The location and quality of schools have far reaching implications for students, families, communities, local governments and taxpayers, and school locations are intricately tied to land use. Schools influence where people choose to live; how students, parents, staff and other community members get to the school; and how connected people feel to their neighbors and communities. Schools can serve as focal points for communities by encouraging shared uses, preservation of community identity and landmarks, and promoting healthy, walkable neighborhoods. School locations impact local governments' capital budgets when they require new or upgraded infrastructure, and they place varying demands on annual operating expenses, as transportation costs increase with greater reliance on school buses. Schools that lend themselves to shared uses such as recreation centers, adult education programs and senior activities can also help a local government use its financial resources efficiently.
Schools represent a long term capital investment in our communities, yet the population of school age children fluctuates. The state and local jurisdictions need to be cognizant of these things, and of evolving educational needs and priorities, as they plan to open, close, renovate or expand school buildings.
School funding is the state's second largest capital program. The Maryland Department of Planning is a member of the Interagency Committee for School Construction ("IAC"), which develops recommendations for over $300 million in state school construction funds annually. As a steward of state funding, the IAC must justify every project, a responsibility made more acute because demand far exceeds funding. The IAC must deploy the funds as responsibly as possible, which requires a deep, interdisciplinary understanding of development patterns, community and educational perspectives, fiscal constraints and construction standards.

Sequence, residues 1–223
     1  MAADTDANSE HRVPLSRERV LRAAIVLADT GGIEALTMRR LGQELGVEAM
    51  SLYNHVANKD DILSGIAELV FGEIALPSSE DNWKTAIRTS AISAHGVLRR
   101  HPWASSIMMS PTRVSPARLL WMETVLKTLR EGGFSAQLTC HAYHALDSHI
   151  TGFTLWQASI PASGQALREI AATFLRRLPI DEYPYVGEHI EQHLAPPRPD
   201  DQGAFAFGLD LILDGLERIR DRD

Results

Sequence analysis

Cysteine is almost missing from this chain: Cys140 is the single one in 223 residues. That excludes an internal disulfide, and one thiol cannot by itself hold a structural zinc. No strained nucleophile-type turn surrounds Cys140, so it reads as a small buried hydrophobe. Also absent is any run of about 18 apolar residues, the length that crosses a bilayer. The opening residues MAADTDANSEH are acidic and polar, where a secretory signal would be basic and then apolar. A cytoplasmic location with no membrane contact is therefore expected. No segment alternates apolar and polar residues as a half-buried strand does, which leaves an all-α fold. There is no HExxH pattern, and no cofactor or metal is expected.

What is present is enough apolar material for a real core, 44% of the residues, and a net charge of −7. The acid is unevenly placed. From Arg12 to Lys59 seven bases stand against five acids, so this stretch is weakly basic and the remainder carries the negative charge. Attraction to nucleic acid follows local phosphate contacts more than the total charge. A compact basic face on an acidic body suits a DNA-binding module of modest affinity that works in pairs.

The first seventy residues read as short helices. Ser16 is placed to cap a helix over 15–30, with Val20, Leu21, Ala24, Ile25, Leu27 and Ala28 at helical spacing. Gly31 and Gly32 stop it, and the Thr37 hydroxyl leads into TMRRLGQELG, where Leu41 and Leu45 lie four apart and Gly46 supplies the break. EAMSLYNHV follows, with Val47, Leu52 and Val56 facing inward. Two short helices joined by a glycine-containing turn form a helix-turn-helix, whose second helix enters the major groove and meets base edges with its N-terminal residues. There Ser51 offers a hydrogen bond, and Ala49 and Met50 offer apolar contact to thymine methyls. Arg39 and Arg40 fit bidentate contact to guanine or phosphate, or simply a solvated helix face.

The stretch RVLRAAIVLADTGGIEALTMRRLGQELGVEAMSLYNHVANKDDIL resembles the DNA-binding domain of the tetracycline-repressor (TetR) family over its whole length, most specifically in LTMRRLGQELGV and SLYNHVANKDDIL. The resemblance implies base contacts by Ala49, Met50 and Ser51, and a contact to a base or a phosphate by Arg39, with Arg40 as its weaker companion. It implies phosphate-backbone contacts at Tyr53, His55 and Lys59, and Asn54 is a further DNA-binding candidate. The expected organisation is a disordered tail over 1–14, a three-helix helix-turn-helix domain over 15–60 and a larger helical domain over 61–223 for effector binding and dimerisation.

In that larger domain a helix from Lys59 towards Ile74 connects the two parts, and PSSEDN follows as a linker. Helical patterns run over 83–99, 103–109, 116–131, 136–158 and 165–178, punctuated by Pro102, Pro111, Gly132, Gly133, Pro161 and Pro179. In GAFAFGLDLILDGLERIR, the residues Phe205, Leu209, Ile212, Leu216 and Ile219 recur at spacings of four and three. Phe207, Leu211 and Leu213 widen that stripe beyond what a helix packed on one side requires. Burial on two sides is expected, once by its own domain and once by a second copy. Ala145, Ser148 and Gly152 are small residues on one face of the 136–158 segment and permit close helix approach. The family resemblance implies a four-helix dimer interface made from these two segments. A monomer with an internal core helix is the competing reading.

In addition to the Maryland Department of Planning, the Maryland State Department of Education and the Maryland Department of General Services sit on the IAC; each agency performs critical functions related to school construction. Together, they form a unique interagency collaboration that ensures mutual consideration and a thorough appreciation of their fellow agencies' respective goals: to best serve both students and communities within state fiscal constraints and consistent with state construction and procurement practice.
This interrelated set of policies links school construction growth to sound land use patterns, community revitalization and sustainable development goals. As noted above, schools serve as community focal points by promoting shared uses, preservation of community identity and landmarks, and promoting healthy, walkable communities. Therefore, as much as possible, the Maryland Department of Planning aims to advance policies that encourage local jurisdictions to construct and rehabilitate neighborhood schools.
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